Christchurch Airport is moving ahead with its 150 MW Kōwhai Park solar array to support a revolution in aviation to low-carbon fuel.
Once completed in 2026, Kōwhai Park will be one of Aotearoa-new Zealand’s largest solar arrays, with 300,000 panels on 300 hectares west of the airport.
Christchurch Airport General Manager of Planning and Sustainability Nick Flack says the solar installation will be the basis of an “energy ecosystem” enabling businesses such as hydrogen producers to access renewable solar power.
A joint-venture with Contact Energy and Lightsource bp to install the panels was announced last week.
Mr Flack says Contact, one of New Zealand’s biggest gentailers, brings its experience in managing generation projects in communities and is an established presence in the South Island. Lightsource bp brings specific utility-scale solar expertise as well, having installed about 9 gigawatts of solar globally, he says.
Mr Flack says the willingness of Contact and Lightsource bp to ensure the solar arrays will meet the airport’s safety and design standards was a key factor in the agreement.
“What stuck out for us was how sympathetic both these organisations are to developing something of this nature in a location like this. They are sympathetic to the aeronautical requirements in the area when they design and construct the solar farm.”
Both are experienced in working with communities and stakeholders and also have a “passion for developing generation assets in Canterbury, which was important to us”.
Christchurch Airport chief executive Justin Watson on the land where Kōwhai Park will be developed
While the land is currently poor for grazing, Mr Flack expects some sheep will be used under the arrays to maintain grass height.
“Whether solar panels will make that grazing better will be interesting.”
Airbus’s ZEROe Turbofan is one of three green hydrogen-fuelled plane concepts it wants to develop by 2035. The Turbofan would seat up to 200 passengers and travel more than 2000 nautical miles.
The solar arrays are the first stage of Christchurch Airport’s long-term plan to support the aviation industry's transition to low and zero-carbon fuel alternatives.
Christchurch Airport has also announced its involvement in the Hydrogen Consortium alongside Air New Zealand, Airbus, Fortescue Future Industries, hydrogen infrastructure developer Hiringa Energy, and Christchurch-based liquid hydrogen solution manufacturer Fabrum.
Hydrogen is a frontrunner for fuelling larger aircraft in the future. Producing it on-site is “much more efficient and cost effective”, Mr Flack says.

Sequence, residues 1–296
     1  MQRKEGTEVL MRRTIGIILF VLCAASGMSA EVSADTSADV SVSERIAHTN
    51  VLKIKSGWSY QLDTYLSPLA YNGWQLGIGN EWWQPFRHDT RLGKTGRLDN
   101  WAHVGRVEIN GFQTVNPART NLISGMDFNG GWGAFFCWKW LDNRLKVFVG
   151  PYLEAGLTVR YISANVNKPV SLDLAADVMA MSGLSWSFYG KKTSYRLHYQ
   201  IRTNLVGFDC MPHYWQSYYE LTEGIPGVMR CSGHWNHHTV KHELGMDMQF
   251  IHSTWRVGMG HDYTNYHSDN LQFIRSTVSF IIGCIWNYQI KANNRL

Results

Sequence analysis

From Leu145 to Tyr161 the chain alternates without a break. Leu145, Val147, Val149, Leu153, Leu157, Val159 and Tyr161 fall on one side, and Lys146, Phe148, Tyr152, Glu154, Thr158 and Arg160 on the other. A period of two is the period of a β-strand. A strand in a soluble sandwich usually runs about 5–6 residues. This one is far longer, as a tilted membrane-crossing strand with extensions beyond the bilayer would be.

However, at present, the focus is on developing the capacity for whatever energy sources will be required. By developing the solar farm and substation first, it can “choose how to use that capacity and what the highest and best use is for it” in the future.
The airport’s goal of having Kōwhai Park generating in 2026 aligns with Air New Zealand’s timeframe to run its first trial flights of hydrogen-fuelled aircraft, Mr Flack says.
The solar output will connect to the national grid, via a substation at the airport. The solar arrays could produce enough electricity to power a fifth of Christchurch’s residential electricity use. In practice, Mr Flack expects most of the power to be used by Christchurch Airport, hydrogen production and other businesses operating in Kōwhai Park.
“On day one, we will consume about 10 per cent of the production from solar, and the rest will go to the grid,” Mr Flack says. “As our demand increases and businesses come to our site – whether that be hydrogen or car rental facilities – the proportion of the solar that goes to grid will decline.”
The airport continues to investigate battery storage as well. Mr Flack believes batteries could support electric aeroplanes, such as the 19 seat Heart Aerospace aircraft ordered by Sounds Air.
“They can be trickle charged throughout the day and rapidly discharged to aircraft to keep within turnaround times.”
Christchurch Airport has already slashed its own operational greenhouse gas emissions. It is certified net carbon-zero and is mentoring about 45 other airports globally.
The firm has transitioned key assets, including its light vehicle fleet and heating, away from fossil fuels.
Diagram of the Kōwhai Park development process
Mr Flack says the airport is keen to work with other airports around the country to ensure a coordinated energy transition for airlines.
“We can’t be an island,” he says. “We believe in a network approach.”
However, he notes that many other airports face challenges, including being in low-lying coastal areas, climate change impacts, or not having room for additional infrastructure.
“There are two things – there is having land, and then there is access to national grid infrastructure. We are lucky enough that the Islington substation is 5 kilometres away. It is one of the biggest substations in the South Island and part of the national transmission network.”
He says the fortuitous location is a result of intergenerational planning begun in 1935 when the Christchurch City Council hired surveyor A.R Galbraith to find the best airport location.
“There’s good luck, and there’s good planning,” Mr Flack says. “One thing about the airport is that, from the 1930’s onwards, it has been well-planned.”